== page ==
This exhibition explores the relationship between tradition and innovation in contemporary design around the themes of materials, construction, configuration, production, and traditional use.
Fifty-seven designers and design teams from Germany, other European countries, USA and Israel enter into an intensive dialogue about aspects of the “new” and the “old” in a range of objects and groups of objects. These combine traditional methods in products meant for contemporary consumers.
Three years back, when the German designer and curator Volker Albus, visited India for the first time, its abundant craftsmanship and rich tradition inspired him and the idea of the exhibition New Olds took its genesis.
Observing that many designers from countries such as India look towards the west for inspiration, he realised there exists a much deeper tradition which is often forgotten. The products on display in the exhibition reveal that innovative inspirations can be connected to traditions.
Many of the design motifs that are depicted as “new” actually derive from an historical context and existing idiom of one country or culture but represent a new interpretation of traditional forms. The New Olds exhibition aims to show the international and complex nature of this discourse in contemporary design, with works inspired by historical references and symbols ranging from deer antlers to the cuckoo clock, traditional porcelain, Baroque objects and the more recent history of Bauhaus and Memphis.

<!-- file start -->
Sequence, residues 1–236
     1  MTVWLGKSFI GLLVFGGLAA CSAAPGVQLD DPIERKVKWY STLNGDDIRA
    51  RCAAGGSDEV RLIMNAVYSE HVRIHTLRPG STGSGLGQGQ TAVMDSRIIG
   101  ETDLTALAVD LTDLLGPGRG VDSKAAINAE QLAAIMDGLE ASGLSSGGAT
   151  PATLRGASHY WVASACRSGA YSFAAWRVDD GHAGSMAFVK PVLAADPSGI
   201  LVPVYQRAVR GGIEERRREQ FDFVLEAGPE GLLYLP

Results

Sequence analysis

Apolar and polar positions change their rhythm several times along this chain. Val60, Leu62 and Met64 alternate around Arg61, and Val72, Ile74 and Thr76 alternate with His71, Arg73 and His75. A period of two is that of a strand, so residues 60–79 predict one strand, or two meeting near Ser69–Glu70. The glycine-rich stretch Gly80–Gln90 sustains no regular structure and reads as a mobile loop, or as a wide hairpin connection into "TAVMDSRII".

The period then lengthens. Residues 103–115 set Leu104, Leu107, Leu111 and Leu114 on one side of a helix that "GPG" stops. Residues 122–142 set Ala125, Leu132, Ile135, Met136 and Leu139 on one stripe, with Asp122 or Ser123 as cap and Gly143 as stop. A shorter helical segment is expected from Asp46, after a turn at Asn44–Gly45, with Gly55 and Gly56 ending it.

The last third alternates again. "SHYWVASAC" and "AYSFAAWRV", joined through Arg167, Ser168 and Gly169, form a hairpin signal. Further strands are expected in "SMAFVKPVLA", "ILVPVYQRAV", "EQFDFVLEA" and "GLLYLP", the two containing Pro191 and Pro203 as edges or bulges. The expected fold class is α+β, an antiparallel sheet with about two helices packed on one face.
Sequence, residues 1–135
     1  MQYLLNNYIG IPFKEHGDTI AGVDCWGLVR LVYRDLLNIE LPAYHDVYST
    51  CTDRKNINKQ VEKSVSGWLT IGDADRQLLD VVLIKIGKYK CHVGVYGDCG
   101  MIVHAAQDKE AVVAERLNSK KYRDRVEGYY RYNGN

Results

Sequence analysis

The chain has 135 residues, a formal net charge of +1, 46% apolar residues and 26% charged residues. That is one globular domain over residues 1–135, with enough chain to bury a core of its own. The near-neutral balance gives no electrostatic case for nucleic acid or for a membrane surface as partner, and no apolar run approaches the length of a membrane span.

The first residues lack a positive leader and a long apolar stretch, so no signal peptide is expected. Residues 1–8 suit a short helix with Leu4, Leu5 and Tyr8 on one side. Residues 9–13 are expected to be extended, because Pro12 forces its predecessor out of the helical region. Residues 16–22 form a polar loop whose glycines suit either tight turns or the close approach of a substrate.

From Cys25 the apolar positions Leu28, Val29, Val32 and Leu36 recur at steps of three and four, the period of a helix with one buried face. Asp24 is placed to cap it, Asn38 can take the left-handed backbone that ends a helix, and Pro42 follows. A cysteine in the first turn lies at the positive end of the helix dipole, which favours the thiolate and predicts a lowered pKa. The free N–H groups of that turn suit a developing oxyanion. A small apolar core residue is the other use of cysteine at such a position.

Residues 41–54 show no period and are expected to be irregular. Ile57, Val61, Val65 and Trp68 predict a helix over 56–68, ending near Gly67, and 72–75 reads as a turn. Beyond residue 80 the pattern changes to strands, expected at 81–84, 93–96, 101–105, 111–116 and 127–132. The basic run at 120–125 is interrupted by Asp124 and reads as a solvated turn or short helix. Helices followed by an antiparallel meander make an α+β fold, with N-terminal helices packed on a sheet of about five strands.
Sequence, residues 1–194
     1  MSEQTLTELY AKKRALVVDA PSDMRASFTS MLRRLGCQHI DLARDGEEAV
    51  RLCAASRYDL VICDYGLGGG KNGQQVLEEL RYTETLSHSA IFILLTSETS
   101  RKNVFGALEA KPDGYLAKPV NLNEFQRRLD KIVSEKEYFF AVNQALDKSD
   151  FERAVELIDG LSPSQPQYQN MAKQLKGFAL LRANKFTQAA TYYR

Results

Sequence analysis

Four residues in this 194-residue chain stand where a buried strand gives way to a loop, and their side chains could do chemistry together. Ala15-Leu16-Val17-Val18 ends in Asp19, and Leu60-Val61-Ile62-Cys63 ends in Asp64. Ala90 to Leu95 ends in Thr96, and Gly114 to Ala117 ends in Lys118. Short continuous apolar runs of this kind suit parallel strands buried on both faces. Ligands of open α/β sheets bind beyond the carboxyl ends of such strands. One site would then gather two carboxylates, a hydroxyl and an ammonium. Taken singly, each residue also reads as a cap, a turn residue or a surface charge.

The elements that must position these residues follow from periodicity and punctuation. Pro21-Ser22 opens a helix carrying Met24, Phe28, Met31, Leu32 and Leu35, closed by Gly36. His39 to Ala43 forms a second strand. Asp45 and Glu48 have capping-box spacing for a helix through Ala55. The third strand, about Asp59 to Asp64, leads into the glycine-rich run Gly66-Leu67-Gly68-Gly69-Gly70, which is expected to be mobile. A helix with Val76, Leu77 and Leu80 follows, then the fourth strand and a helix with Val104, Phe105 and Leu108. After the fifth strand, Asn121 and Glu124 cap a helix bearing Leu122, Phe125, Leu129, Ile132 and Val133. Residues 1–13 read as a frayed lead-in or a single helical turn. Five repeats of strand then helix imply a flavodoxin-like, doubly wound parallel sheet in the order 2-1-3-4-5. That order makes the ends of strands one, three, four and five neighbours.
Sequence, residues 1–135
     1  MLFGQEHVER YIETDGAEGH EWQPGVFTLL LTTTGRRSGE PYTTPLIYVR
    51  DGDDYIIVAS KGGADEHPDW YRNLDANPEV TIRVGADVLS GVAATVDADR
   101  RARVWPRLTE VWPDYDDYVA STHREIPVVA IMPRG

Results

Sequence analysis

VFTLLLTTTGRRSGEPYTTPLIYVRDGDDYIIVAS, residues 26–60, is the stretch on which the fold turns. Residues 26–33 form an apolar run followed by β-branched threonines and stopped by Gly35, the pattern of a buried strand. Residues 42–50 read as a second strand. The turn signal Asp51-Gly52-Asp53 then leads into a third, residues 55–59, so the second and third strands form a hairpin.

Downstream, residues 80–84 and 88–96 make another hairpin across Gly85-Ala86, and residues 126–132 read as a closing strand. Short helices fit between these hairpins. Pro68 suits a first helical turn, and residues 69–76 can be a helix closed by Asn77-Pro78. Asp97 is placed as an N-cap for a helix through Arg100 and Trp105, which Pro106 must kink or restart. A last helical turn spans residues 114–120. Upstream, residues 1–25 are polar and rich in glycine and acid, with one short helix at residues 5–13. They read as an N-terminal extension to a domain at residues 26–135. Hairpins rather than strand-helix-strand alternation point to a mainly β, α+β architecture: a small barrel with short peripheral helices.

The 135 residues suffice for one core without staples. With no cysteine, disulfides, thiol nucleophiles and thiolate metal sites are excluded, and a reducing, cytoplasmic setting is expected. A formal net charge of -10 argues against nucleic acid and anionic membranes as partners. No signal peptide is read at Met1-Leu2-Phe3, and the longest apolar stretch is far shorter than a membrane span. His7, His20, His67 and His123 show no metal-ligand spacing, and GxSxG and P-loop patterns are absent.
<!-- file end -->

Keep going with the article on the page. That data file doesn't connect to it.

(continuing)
New Olds looks at aspects of the “new” and the “old” in a range of objects and groups of objects, discusses differences and new combinations, presents trends in recycling and redesign, and looks at the transformation of design classics and traditional ways of using new materials.
Design has a short and highly successful history in the West. It quickly became a key feature of a collective understanding of culture, and is correspondingly appreciated and communicated. Outside the western hemisphere , what are seen as successful idioms are copied and varied, but many of the motifs that are sold as “new” actually derive from a historical context and formal idiom, and are self-contained products of one country or culture, representing a new interpretation of traditional forms.
The gallery is located diagonally opposite Melbourne Central Railway Station and can be reached by trams traveling on Swanston and La Trobe Streets, including the City Circle Tram.
Limited street parking is available.